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Trespass Theory of Fourth Amendment

A recent question was posed to the author with this set of facts:

Hundreds of images of child pornography (CP) are being downloaded to multiple Internet Protocol (IP) addresses on one street. It is clear to the officers that at least a few homes have unsecured wireless and someone is downloading CP using their wifi. The question is can the officers use an investigative tool, functionally equivalent to a divining rod, to go on the different properties to determine which residence is actively downloading the images. Is this a problem?

Trespass Theory to Fourth Amendment Jurisprudence

Remember U.S. v. Jones (2012) 565 U.S. 400, the GPS case that found attaching a tracker to suspect’s vehicle was a trespass to personal property and thus required a warrant? This case found a new set of police conduct that was violative of the Fourth Amendment. If an officer trespasses in an effort to obtain evidence for a criminal prosecution that evidence is illegally obtained. In this case the act of attaching the tracker was found to be a trespass.

The US Supreme Court expanded the trespass theory to a residence in Florida v. Jardines (2013) 569 U.S. 1. In that case the officers took an investigative tool, a drug sniffing dog, up to the front door of the house to sniff for a marijuana grow. The court held that by taking the dog to the front door to collect evidence the officers trespassed on the property. The court stated that while homeowners generally consent to people approaching their front door, homeowners do not impliedly allow individuals to approach the curtilage of the residence to search for evidence. The court analogized the implied consent an owner gives to a police officer to approach to a front door of a residence to that of a trick-or-treater or a girl approaching to sell girl scout cookies.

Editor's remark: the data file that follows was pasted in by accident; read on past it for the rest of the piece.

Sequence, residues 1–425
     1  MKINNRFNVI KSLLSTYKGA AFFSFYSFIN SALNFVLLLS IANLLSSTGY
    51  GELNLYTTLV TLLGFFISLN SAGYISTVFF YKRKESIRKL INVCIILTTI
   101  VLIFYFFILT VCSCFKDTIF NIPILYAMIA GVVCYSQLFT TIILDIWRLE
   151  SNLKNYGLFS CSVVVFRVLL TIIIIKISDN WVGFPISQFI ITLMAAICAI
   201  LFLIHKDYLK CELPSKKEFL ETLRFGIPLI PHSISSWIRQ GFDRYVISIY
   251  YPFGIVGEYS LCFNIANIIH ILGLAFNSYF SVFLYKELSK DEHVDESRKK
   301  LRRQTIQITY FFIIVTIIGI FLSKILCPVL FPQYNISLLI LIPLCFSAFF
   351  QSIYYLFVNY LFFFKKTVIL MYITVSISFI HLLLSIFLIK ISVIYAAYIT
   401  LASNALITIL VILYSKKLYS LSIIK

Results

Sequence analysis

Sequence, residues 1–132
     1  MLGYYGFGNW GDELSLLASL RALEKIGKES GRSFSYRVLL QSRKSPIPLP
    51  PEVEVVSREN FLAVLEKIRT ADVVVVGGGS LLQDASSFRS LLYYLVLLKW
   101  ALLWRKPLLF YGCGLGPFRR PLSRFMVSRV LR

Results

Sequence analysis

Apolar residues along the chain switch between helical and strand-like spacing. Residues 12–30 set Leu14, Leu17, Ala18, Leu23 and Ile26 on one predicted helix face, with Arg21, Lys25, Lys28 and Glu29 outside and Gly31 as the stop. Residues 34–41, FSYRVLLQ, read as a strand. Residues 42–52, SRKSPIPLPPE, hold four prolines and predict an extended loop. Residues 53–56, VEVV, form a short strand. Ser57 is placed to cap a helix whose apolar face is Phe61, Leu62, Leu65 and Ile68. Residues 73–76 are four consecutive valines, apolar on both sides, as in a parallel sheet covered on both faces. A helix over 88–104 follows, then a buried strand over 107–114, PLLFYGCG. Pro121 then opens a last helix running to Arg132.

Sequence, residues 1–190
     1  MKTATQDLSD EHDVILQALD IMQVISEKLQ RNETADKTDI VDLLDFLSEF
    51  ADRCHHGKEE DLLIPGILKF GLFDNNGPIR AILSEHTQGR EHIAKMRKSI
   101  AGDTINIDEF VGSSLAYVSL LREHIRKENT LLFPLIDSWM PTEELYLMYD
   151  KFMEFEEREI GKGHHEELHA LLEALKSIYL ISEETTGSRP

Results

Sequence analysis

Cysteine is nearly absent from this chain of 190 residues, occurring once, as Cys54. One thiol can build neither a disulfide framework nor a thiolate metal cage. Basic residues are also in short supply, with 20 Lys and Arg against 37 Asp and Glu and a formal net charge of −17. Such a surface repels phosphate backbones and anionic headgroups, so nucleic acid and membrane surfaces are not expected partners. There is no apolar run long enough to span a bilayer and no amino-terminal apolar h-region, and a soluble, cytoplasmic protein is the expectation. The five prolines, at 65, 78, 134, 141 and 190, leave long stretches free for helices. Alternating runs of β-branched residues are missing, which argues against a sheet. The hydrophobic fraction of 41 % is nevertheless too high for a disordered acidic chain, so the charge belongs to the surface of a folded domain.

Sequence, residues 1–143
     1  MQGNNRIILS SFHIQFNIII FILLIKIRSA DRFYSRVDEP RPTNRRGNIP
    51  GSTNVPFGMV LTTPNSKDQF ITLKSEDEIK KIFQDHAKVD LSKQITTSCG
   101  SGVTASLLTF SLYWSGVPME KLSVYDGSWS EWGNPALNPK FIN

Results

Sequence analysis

Similar scenarios have come up in Texas and Pennsylvania. In the Texas case the officers approached a residence with a similar device, they went to the front door of the residence with the device. Unfortunately, they knew from the sidewalk which residence was actively downloading but didn’t write that information in the affidavit. All of the evidence was suppressed the court holding the moment they entered the property with the investigatory tool they were in violation of the Fourth Amendment. In Pennsylvania, an officer had an investigatory tool on a common sidewalk in a condominium complex. The court held there that because the officer never left the common area the actions did not violate the Fourth Amendment.

The take away from these cases is that if you want to use an investigative tool it is clear that the moment you step off of a public access point with that tool you violate the Fourth Amendment. The Jardines case had the effect of extending the curtilage of the house to the property line when officers are attempting to obtain evidence using an investigative tool.


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